A ‘Great Cultural Depression’ Looms for Legions of Unemployed Performers
Many artists rely on charity. The Actors Fund, an arts service organization, has raised and distributed $ 18 million since the pandemic began to help provide basic living for 14,500 people.
“I’ve been with the Actors Fund for 36 years,” said Barbara S. Davis, the chief operating officer. “By September 11th, Hurricane Katrina, the 2008 recession, shut the industry down. There is clearly nothing like it. “
Higher paid television and film actors are more likely to have a cushion, but they too have endured disappointments and missed opportunities. Jack Cutmore-Scott and Meaghan Rath, now his wife, had just been cast in a new CBS pilot, “Jury Duty,” when the pandemic halted filming.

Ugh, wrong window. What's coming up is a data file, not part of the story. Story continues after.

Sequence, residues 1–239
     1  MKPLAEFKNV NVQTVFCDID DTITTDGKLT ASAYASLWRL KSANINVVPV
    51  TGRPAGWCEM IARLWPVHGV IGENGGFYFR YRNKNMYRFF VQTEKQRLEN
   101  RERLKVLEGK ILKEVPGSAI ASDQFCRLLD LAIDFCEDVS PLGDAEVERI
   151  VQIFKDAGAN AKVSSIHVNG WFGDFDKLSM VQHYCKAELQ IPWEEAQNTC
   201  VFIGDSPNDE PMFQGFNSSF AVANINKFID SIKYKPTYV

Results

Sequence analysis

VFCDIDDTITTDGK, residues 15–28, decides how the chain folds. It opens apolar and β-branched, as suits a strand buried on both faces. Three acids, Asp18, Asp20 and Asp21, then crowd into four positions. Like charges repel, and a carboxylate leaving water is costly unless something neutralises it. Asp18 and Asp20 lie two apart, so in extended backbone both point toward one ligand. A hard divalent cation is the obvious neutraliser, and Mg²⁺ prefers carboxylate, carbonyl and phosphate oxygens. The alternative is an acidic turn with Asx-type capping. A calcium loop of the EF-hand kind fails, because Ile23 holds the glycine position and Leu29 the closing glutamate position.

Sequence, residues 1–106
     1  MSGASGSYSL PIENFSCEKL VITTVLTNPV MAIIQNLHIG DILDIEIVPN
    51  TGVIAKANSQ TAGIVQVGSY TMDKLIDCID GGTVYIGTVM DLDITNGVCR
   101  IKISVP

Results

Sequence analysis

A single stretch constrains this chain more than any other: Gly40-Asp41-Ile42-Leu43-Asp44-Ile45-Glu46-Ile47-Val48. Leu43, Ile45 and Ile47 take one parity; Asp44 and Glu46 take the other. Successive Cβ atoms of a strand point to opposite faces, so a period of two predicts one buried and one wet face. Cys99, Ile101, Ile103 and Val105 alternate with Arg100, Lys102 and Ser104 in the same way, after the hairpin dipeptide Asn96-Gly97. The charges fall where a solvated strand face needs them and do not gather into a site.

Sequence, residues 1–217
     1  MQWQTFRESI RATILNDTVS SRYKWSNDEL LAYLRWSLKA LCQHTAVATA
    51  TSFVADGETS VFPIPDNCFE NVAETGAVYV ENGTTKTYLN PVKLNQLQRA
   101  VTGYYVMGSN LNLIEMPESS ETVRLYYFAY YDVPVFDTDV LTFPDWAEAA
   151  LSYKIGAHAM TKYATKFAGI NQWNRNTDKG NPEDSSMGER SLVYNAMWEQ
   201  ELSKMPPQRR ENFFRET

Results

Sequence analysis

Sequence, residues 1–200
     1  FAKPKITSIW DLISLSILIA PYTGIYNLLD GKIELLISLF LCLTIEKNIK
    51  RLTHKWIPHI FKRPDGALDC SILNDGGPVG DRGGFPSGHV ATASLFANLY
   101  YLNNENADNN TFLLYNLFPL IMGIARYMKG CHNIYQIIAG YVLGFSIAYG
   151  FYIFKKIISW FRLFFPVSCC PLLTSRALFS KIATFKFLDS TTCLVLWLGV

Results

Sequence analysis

“I had my costume fit and we were due to read the table the following week, but we never made it,” said Cutmore-Scott Mr. After several postponements, they learned in September that CBS would be pulling out altogether.
Many live performers have been looking for new ways to pursue their art, turning to video, streaming, and other platforms. Carla Govers’ tour to dance and play traditional Appalachian music as well as a folk opera she composed “Corn bread and tortillas” have been canceled. “I’ve had a few long, dark nights of the soul trying to imagine what I could do,” said Ms. Gover, who lives in Lexington, Kentucky and has three children.
She began sending weekly emails to all of her contacts, sharing videos, and offering online courses on flatfoot dancing and constipation. The response was enthusiastic. “I figured out how to use hashtags and now I have a new kind of business,” said Ms. Gover.